Two other things. 1 – Windows Live Photo Gallery is one of the best things to come out of Redmond recently. It integrates (allows uploads from within the program) nicely with Flickr. 2 – I would not be surprised to see Microsoft require users to get a “Live ID” (Passport is dead) to use Flickr ala Yahoo’s “synchronization” that they required a couple years ago. But who knows, maybe they’ll stun us all and use OpenID! Nah.

  6. @Andy: referring to MS as borg probably wasn’t too productive – it’s just a reflexive shorthand, and not my invention. the fact that I’m willing to wait and see, rather than bolting for the door shows that I’m not seeing them 100% as a virulent cyborg 🙂

    I made up the name of the mythical “Windows Live Photo Publisher™” product – I was meaning to refer to a potential shift in direction from building a great photo community website to building integration with the MS suite of apps. I couldn’t care less about application integration – we already have an API that lets us do that just fine – I just want Flickr to be able to focus on being the best Flickr they can be.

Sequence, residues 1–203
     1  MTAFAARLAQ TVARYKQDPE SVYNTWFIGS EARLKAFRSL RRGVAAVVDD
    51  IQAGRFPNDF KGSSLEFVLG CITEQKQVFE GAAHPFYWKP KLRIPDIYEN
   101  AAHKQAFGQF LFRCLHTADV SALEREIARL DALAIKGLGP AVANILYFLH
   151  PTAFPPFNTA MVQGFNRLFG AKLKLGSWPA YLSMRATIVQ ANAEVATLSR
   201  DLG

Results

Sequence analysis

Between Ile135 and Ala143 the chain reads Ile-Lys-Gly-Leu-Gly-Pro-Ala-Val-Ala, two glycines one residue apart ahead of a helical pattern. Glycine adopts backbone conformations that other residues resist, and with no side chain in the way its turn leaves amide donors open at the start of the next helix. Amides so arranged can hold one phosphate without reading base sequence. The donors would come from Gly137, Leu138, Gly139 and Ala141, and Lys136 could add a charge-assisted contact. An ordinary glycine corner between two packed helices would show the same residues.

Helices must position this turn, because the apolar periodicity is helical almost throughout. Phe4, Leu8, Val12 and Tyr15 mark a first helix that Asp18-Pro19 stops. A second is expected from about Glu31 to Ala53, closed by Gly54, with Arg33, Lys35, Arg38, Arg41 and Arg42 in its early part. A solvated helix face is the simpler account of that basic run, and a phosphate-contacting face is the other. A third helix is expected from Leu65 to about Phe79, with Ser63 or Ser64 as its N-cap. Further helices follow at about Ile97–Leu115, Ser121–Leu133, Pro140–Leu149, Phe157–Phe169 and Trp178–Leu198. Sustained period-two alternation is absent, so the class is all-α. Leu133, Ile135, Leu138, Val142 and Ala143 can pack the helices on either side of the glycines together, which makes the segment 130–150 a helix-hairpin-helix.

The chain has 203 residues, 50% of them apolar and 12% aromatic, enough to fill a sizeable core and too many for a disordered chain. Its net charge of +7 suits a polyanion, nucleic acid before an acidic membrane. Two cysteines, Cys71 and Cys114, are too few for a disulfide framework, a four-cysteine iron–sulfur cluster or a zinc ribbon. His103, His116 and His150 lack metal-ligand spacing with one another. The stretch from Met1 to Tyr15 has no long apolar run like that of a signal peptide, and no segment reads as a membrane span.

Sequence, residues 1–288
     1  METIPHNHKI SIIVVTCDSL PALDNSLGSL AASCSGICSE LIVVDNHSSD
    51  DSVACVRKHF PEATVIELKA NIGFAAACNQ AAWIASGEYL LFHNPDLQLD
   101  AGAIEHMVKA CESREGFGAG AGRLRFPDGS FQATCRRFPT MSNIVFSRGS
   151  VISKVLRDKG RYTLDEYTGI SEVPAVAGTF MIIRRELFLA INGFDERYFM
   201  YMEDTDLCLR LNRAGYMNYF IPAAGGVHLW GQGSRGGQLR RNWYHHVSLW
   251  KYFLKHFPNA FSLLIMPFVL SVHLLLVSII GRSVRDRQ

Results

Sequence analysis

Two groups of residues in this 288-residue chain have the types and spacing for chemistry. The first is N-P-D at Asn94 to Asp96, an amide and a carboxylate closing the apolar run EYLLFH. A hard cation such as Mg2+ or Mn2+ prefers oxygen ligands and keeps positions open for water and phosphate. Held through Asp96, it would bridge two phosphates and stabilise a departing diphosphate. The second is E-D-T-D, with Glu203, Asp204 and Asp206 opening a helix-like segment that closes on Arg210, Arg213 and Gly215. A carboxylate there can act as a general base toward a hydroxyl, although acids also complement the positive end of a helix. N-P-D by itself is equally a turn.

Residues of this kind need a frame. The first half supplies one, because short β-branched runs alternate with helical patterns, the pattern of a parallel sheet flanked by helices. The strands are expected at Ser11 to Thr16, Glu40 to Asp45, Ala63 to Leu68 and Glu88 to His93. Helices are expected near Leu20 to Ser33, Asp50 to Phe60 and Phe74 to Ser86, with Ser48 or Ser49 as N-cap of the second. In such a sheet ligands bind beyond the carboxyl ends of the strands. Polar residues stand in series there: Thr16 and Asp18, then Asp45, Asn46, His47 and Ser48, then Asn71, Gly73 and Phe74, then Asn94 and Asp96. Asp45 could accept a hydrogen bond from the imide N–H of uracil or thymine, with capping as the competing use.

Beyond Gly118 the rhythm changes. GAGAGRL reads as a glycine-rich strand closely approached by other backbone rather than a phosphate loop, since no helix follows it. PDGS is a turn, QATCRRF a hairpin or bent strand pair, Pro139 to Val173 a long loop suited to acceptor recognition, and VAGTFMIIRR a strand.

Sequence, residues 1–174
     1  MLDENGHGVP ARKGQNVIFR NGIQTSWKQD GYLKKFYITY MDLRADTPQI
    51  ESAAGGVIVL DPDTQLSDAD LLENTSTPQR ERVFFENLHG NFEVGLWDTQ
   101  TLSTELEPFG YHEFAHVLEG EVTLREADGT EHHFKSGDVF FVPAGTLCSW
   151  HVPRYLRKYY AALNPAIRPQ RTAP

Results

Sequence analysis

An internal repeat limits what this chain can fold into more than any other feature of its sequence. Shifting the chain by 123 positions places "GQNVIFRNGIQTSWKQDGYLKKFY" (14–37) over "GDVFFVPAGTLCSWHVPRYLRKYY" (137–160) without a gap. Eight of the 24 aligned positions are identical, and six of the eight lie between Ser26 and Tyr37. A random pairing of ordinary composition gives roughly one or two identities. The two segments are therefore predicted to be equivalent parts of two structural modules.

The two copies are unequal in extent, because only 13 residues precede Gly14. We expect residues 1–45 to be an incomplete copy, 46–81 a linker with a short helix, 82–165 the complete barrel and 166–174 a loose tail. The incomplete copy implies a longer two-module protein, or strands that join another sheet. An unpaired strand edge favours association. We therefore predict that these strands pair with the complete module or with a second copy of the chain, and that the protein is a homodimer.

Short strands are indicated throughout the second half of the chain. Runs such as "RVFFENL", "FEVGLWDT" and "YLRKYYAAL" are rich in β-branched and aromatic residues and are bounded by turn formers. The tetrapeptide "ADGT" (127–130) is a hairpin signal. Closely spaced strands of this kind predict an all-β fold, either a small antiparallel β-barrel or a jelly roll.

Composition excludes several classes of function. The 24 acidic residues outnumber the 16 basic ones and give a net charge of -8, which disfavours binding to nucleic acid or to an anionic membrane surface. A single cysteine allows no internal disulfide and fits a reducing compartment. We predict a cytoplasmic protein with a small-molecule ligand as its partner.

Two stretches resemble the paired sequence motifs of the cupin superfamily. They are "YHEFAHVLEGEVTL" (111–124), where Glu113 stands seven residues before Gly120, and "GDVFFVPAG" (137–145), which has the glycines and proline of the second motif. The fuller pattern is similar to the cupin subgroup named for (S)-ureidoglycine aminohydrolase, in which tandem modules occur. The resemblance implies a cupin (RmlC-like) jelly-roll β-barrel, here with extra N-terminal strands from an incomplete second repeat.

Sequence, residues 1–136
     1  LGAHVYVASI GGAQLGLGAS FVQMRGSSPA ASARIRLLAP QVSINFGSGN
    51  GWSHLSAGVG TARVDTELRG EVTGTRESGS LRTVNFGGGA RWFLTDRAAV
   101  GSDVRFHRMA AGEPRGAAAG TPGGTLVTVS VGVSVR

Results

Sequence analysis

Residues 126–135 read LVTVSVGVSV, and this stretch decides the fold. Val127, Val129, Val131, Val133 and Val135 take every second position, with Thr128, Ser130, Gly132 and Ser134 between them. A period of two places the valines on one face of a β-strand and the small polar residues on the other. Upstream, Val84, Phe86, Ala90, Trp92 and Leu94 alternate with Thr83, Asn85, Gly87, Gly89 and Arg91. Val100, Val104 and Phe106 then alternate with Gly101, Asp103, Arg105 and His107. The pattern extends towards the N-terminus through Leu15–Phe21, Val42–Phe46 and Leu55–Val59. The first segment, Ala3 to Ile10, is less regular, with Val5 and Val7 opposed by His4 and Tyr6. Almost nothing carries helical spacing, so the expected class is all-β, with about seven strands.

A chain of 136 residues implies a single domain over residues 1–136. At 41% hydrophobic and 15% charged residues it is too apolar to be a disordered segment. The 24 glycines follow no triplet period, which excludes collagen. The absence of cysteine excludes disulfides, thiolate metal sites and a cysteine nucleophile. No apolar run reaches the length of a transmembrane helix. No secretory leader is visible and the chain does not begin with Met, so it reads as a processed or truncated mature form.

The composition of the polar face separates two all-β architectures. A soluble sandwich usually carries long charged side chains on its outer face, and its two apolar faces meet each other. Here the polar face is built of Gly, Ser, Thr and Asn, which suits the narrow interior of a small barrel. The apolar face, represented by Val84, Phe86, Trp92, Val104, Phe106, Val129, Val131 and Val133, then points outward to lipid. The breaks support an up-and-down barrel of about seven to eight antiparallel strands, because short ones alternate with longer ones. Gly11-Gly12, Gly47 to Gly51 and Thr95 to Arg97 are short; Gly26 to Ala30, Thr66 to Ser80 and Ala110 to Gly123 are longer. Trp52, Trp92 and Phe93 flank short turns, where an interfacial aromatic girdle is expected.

And you’re right – Passport is dead, long live Live ID. It’s not exactly the same as the Flickr/Yahoo ID integration – as there wasn’t much of a legacy trust issue involved with Yahoo. MS has a steep hill to climb before many people will grant it control over their digital identity. I’d LOVE an OpenID system – Flickr now provides OpenID for authentication on other OpenID enabled sites, but doesn’t accept it from others…

  7. It’s the integration thing that leaves me worried…integration of anything into Windows seems to have been standard operating procedure in the past. Basically, if M$ uses this as an opportunity to switch direction–easily letting people move _out_ from Windows, rather than channeling everything _into_ Windows, I’ll be excited. That’s the way to make the Windows desktop (or any desktop, for that matter) relevant. The implication is that the folks at Redland have to be ready to completely reconceptualize their core product. Let’s hope they’re ready to do so.

    Patrick

  8. This acquisition, in my mind, is all about the search engine. Microsoft desperately wants to get a foothold in the search engine business (perhaps to lend it’s own sites a helping hand and to throw in Windows ads). MSN has largely been a failure. While most computer savvy users have been using Google for awhile, Yahoo remains a large contender. I haven’t heard any numbers recently, but I believe that Yahoo still gets around 30% of the searches Google gets. That’s still a ton of searches.